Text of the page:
Wednesday, July 07, 2021
To unit test or not to unit test, that is the question
There are two parts of your code. Code that can be unit tested and code that can't be unit tested.
Code that can't be unit tested is simple. Any code that has to touch IO can't be unit tested. Period. Any code that doesn't touch IO can be unit tested. It's that simple.
Keep ALL IO segregated from the rest of your code. Keep IO functions and methods super small. Do not inject IO polluted objects into other parts of your code.
Nothing should ever be mocked. Period. If you don't agree you likely don't under... | Hacker News
In hindsight, this is obvious. The issue I have with unit testing projects like “Project: Lumbergh,” “Project: Sippy-Cup” or “Project: Cleese” is that they're nearly all IO with very little logic (with the caveat that “Project: Lumbergh” implements all the business logic interspaced with IO).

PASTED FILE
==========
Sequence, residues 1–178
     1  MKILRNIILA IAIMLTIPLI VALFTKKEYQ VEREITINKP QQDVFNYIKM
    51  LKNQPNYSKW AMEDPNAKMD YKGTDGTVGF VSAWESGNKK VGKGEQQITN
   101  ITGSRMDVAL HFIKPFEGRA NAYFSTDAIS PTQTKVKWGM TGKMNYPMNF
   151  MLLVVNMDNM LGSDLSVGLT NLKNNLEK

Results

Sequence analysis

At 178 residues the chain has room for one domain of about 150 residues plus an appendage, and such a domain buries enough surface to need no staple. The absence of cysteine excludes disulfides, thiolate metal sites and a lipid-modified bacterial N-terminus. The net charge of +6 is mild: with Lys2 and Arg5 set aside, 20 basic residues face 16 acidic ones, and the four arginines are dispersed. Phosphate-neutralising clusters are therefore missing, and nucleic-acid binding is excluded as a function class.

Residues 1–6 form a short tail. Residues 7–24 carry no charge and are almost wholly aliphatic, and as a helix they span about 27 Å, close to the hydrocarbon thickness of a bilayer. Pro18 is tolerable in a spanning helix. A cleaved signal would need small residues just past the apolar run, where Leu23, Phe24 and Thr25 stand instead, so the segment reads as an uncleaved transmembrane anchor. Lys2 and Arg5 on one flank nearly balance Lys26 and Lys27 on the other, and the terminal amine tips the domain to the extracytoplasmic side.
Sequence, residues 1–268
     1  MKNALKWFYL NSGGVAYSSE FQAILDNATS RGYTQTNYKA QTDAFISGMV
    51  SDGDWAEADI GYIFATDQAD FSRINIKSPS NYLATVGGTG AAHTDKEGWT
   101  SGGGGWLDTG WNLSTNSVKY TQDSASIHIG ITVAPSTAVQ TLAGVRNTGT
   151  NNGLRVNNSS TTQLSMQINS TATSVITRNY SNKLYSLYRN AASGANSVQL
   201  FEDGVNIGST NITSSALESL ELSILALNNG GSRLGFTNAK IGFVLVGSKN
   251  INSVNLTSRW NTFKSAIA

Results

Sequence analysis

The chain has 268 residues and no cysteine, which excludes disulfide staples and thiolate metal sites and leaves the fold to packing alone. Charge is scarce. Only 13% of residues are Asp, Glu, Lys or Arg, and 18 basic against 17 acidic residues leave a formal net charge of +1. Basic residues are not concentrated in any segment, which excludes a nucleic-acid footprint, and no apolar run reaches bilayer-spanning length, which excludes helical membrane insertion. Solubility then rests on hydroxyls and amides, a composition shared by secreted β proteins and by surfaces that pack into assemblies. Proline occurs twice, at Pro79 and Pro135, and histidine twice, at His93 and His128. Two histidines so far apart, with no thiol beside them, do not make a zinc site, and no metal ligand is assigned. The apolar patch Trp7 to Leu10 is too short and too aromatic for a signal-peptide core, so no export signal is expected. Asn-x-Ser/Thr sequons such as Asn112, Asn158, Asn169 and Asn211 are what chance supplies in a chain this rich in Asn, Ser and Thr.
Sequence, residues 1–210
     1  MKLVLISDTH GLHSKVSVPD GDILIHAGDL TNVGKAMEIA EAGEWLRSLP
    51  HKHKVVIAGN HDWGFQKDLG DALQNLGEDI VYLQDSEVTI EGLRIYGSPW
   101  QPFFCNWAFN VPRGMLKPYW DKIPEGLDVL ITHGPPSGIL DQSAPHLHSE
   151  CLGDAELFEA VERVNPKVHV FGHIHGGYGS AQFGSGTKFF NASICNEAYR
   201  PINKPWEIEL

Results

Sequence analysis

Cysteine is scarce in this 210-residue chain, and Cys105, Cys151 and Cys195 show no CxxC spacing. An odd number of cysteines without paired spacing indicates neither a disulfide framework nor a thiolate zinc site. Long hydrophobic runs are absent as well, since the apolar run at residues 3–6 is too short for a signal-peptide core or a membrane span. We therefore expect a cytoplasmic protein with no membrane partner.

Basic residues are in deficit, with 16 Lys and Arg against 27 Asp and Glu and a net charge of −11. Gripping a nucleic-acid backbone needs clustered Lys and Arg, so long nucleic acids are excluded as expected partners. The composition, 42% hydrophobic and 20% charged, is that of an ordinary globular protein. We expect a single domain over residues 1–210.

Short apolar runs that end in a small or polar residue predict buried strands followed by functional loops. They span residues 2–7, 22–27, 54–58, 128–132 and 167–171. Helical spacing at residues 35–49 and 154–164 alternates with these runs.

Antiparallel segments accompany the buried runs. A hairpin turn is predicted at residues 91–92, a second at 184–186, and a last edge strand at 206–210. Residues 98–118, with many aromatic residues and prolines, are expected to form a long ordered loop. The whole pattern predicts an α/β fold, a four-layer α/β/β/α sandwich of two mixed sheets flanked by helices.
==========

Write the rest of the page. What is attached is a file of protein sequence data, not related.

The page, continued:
With that said, even though the author also stated not to mock at all, I do. We have a few network services that “Project: Lumbergh” relies upon, and I have written my own versions of those services that basically respond with a canned answer for a particular query. It was easy since the services speak a common protocol (DNS in this case) and I don't have to implement the logic of those services to determine the answer.
I also decided to implement a new regression test and keep the one I have working as a separate test. This way, it'll be easier to implement tests like “data source B replies, data source A times out.” I'm also keeping each test in its own file, so adding new ones should be way easier and hopefully, we won't end up with another 16,000 tests.